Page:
California Gov. Pete Wilson last week announced the creation of a “Job Action Team” to develop ways the state can help create jobs for the estimated 600,000 people leaving public assistance over the next three years.
The team will be co-chaired by Atlantic Richfield Co. chairman Mike Bowlin, Pacific Telesis Co. chairman Phil Quigley and Maryles Casto, chairman of Sunnyvale-based Casto Travel.
“I’m pleased to announce the formation of a ‘Job Action Team’ leaders from a broad cross-section of California businesses, both large and small, who will take a hard look at the challenges presented by welfare reform,” Wilson said in a statement.
The team will address the issues of creating more job opportunities for welfare recipients, identifying ways to prepare welfare recipients for the workplace and developing ways to improve job placement.
The team is expect to present recommendations to Wilson in early May.
Other members of the team include Tom McKernan, president and chief executive officer of the Auto Club of Southern California; Jamesina (Jai) Henderson, executive director of the California African-American Museum; and Beny Alagem, chairman, president and CEO of Packard Bell NEC Inc.
After months of silence, the highly secretive China Ocean Shipping Co., or Cosco, finally spoke up last week. In a rare public statement, the Chinese government-owned shipping company defended plans by the Port of Long Beach to build the company a new container terminal on the site of the former Long Beach Naval Station.
Those plans have been mired in controversy, with opponents including a pair of U.S. congressmen arguing that the Chinese government could use the facility for espionage or smuggling.
“Cosco is a business group that engages in justified international activities and has been involved in shipping between China and the United States since 1979, acting in accordance with international practices,” the statement said.
Cosco went on to accuse opponents of the facility of harboring “ulterior motives,” and said the allegations “have gravely injured the reputation” of the company.
Cosco is the port’s fastest-growing tenant, reponsible for transporting 25 percent of the goods traded between the U.S. and China.
Santa Anita Cos., parent of the companies that own and operate the Santa Anita racetrack in Arcadia and other real estate, confirmed last week that it has terminated its tentative agreement with prospective buyer Colony Capital Inc.
With the termination, Santa Anita paid Colony, a Century City-based real estate investment firm, a $4 million break-up fee and $500,000 in related expenses.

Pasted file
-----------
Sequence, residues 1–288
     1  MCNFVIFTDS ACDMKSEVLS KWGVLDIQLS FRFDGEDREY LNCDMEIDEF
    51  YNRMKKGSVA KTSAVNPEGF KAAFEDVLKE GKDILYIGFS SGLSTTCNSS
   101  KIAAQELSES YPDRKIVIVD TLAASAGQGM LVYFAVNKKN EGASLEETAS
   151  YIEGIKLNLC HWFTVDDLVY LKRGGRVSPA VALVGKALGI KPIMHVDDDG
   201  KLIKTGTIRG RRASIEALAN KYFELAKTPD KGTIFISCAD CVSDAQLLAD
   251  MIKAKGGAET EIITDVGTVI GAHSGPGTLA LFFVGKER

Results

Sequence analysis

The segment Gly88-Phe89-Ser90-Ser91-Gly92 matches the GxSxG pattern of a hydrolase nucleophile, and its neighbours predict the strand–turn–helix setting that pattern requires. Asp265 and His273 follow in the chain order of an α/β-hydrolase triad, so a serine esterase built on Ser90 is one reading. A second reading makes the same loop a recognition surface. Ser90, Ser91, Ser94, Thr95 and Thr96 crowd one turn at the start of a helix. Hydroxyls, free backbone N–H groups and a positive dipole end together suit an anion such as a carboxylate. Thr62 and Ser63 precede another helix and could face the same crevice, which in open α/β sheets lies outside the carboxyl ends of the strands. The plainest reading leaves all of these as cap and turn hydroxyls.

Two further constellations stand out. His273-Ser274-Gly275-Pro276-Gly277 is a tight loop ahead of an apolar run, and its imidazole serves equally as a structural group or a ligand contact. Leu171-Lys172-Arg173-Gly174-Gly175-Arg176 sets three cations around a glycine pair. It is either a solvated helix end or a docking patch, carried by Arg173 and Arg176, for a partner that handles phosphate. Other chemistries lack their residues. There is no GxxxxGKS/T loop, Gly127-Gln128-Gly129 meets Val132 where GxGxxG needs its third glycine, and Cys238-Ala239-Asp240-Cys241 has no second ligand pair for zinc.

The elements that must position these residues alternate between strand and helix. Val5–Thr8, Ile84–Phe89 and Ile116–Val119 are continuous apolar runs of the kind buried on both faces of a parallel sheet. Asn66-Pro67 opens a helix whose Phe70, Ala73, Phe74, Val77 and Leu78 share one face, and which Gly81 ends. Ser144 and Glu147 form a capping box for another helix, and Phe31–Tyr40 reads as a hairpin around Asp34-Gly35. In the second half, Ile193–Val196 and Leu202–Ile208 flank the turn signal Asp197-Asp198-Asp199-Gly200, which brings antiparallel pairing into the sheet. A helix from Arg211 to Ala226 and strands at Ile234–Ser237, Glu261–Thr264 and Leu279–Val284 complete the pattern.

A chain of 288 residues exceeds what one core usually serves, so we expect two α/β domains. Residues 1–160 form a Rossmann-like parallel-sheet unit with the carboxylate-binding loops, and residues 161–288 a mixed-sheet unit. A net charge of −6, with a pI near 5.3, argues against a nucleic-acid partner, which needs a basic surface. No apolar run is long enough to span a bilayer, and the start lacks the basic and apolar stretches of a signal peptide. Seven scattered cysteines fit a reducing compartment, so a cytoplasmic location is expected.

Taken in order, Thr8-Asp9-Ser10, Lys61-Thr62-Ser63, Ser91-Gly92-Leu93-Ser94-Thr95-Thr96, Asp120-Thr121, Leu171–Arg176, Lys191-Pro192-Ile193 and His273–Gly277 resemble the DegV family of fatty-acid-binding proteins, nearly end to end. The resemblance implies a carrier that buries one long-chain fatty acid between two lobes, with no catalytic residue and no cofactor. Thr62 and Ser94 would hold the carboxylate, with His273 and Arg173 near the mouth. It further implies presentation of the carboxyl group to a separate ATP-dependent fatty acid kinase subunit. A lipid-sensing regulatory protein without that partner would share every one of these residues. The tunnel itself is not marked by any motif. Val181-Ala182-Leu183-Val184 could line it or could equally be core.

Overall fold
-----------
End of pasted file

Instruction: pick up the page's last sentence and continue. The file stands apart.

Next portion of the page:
Colony and Santa Anita had come to terms last August on a deal that would have given Colony control of Santa Anita Operating Co. and Santa Anita Realty Enterprises, which trade in tandem on the New York Stock Exchange.
Then in October, a group called Koll Arcadia Investors made a rival bid, claiming Colony’s proposal was inadequate.
Colony and Santa Anita revised their agreement in January after the bidding increased the stock price beyond the value of the original Colony proposal.
Then last month, the Colony and Koll Arcadia groups collectively proposed a new recapitalization plan that would distribute $230 million to Santa Anita shareholders while leaving the bidders with a collective 70 percent stake and a majority of seats on the board of directors.
However, Santa Anita management had not accepted the Colony offer before Colony’s unilateral deadline the close of business on Friday, March 28. The Colony/Koll Arcadia group withdrew from the bidding at that time.
The previous day, Santa Anita announced it was reviewing offers from other bidders, which it declined to identify.
Santa Anita said it would charge the break-up fee against its earnings for the quarter ended March 31, which amounted to $8.1 million (72 cents a share).
A severe shortage of skilled workers in the animation and digital special effects industries was confirmed by a study released last week by the Public Affairs Coalition of the Alliance of Motion Picture and Television Producers, which predicts that demand for these employees will continue to grow.
The study identified a single skill common to nearly every job in the exploding animation field: the ability to draw.
The purpose of the AMPTP study was to focus on 30 animation occupations and identify their specific demands and shared skills. It was commissioned by an organization called SkillsNet, a public-private partnership created in 1996 by business leaders in Los Angeles, San Francisco and the Silicon Valley to address the continuing need for skilled workers in the multimedia industry.
“The bad news is that right now, many companies especially those in film and television are going overseas to fill (animation and digital effects positions) because they can’t find enough talented artists here,” said AMPTP Vice President Kathleen Milnes. “Why? One of the reasons is that 20 years ago we cut art classes from the K-12 academic curriculum.”
The Los Angeles County Board of Supervisors postponed a hearing April 1 to consider plans to redevelop portions of Marina del Rey.
The issue was rescheduled for April 15 because a consultant for the Dept. of Beaches and Harbors could not attend the public hearing. The “asset management strategy plan” will provide a blueprint to spruce up the marina, including new museums and redevelopment projects.
By Brad Berton, Larry Kanter, Daniel Taub, Douglas Young and Joe Bel Bruno